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Visiting Lough Gur

For fans of ancient Ireland, Lough Gur is not to be missed.  Deep in County Limerick, Ireland, this place is a true hidden gem and one of the most important archaeological sites in the whole country.

View across the lake.

What Is There To See?

The visit lends itself to a full day excursion if you are going to take in both trails.

There are two main trails here which explore the archaeological remains.

The first one is a lovely 2km hill walk starting at the visitor centre with archaeological remains and places of legend along the way. 

The second requires a car to get to nearby sites including two stunning hill forts and the largest stone circle in Ireland at Grange.

You can get either tour narrated by streaming an audio guide from this link.

The Visitor Centre in the shape of a round house of ancient Ireland.

The visitor centre (seen above) helps to put the monuments you will see in context. It has some lovely interactive displays for children, and breaks down the rich history of the area into easily digestible chunks.

Visitor centre GPS Co-ordinates are: 

N52 31 316’ W 00831.173’

Ticket Prices

A visit to the visitor centre will cost €5.00 per adult, €4.00 for Senior Ciizens, €3 per child over 6 years of age, Family Ticket €15.00. There is no charge for visiting any of the monuments.

Facilities at Lough Gur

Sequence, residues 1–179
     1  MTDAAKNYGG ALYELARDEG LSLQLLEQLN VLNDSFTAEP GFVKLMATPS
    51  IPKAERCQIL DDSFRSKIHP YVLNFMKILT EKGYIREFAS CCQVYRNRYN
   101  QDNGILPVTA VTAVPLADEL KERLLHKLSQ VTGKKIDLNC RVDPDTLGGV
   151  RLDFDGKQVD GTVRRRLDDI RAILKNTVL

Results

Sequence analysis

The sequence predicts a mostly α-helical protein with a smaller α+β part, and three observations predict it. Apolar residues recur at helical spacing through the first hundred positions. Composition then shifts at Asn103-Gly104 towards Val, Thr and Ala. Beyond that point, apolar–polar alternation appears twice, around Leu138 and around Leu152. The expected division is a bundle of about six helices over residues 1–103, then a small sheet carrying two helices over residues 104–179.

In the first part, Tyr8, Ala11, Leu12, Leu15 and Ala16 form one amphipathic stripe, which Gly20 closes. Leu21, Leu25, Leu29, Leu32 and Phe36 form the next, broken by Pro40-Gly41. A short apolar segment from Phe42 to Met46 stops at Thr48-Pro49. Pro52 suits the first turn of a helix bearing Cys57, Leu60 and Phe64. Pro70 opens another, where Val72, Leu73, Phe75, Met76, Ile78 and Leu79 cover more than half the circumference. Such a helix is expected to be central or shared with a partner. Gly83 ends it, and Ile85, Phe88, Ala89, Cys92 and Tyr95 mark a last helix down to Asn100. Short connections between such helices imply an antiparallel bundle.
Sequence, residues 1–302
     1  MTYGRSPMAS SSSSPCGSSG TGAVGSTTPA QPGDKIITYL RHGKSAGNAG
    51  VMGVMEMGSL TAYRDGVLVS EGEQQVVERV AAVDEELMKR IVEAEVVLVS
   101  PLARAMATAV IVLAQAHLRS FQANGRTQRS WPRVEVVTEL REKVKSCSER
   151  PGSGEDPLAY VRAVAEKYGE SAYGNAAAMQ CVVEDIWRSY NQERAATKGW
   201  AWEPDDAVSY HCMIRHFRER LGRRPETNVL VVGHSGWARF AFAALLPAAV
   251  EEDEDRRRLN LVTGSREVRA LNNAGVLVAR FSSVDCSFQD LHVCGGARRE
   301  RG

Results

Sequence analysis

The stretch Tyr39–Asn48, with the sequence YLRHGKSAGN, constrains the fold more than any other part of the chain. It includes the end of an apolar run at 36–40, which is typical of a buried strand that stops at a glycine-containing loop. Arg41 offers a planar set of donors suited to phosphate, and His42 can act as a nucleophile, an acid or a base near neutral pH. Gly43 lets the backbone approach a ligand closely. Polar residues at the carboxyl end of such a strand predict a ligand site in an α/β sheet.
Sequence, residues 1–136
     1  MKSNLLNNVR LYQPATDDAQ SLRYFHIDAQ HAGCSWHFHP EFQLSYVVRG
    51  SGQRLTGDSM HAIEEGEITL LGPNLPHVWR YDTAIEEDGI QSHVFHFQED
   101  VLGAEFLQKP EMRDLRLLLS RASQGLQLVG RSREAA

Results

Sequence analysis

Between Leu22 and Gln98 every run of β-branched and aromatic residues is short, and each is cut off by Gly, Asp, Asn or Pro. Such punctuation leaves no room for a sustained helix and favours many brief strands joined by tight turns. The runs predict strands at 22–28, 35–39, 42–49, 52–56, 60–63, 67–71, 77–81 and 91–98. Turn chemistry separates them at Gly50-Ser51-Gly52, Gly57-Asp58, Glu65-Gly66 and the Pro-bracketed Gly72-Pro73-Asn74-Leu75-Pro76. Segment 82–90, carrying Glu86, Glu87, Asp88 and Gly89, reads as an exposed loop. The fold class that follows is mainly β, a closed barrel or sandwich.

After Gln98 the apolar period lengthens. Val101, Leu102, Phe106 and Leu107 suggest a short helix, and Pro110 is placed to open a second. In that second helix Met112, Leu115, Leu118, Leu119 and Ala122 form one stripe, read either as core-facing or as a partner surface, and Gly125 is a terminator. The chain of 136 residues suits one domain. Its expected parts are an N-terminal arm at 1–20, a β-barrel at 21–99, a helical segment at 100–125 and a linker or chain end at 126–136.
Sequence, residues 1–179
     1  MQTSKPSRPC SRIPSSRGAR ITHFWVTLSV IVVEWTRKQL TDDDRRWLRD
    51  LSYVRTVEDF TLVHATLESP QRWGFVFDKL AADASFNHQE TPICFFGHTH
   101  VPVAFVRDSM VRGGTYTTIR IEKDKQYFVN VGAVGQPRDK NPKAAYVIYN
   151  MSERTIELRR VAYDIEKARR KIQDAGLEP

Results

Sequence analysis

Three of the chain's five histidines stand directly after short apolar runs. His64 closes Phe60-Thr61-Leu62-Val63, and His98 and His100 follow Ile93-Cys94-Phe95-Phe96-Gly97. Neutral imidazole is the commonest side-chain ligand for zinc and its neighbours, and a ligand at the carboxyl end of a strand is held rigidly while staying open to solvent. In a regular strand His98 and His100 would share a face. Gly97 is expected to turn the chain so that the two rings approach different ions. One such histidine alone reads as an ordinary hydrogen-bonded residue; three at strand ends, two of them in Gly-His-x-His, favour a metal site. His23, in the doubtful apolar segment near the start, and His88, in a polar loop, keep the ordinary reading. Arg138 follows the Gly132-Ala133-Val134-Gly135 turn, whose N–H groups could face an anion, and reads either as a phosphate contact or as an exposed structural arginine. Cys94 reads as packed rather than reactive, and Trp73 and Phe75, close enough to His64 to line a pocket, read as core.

The visitor centre sells hot and cold drinks and a small selection of sweets and bars. There are toilet facilities near the car park.
There is a picnic area in a beautiful spot at the lakeside near the visitor centre and car park. Families come here from Limerick to be out in nature for the day. If the weather is hot some will swim in the lake. There is ample free parking.

Sculptures along the hill walk

Above: Sculpture along the path of the 2 km hill walk.

How Old Is The Site?

Settlement around Lough Gur started during the stone age, around 4000 BC. By the bronze age, this was one of the most densely populated areas in ancient Ireland.  Settlers, who were farmers and fishermen,  were attracted by fertile soils and other plentiful natural resources such as fishing in the lake. There are in and around thirty ancient so called ‘field monuments’ here such as stone circles, standing stones, megalithic tombs, and cairns. The area continued to have a rich history into late medieval times.